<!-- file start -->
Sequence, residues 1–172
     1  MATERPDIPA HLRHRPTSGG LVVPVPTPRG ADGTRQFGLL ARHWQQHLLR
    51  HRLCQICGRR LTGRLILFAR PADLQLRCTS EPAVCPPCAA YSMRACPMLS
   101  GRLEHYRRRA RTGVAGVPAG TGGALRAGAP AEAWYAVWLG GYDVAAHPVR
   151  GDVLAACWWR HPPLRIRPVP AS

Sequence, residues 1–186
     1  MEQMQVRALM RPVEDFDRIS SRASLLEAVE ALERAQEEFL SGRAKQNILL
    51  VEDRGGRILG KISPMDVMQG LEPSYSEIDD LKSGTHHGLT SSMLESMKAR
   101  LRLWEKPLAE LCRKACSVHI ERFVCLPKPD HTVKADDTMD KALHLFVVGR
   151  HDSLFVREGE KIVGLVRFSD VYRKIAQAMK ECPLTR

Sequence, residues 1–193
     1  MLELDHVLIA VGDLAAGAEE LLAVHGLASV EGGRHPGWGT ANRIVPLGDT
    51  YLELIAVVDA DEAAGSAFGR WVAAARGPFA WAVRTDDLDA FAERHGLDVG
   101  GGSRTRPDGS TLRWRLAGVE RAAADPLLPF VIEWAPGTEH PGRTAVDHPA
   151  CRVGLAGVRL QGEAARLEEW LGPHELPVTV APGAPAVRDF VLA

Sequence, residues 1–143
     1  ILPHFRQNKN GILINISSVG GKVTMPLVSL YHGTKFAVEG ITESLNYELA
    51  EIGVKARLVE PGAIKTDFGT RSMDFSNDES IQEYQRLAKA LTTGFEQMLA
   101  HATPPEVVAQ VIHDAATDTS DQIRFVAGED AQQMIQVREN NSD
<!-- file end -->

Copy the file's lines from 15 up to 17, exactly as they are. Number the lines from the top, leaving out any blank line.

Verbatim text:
   151  CRVGLAGVRL QGEAARLEEW LGPHELPVTV APGAPAVRDF VLA

Sequence, residues 1–143
     1  ILPHFRQNKN GILINISSVG GKVTMPLVSL YHGTKFAVEG ITESLNYELA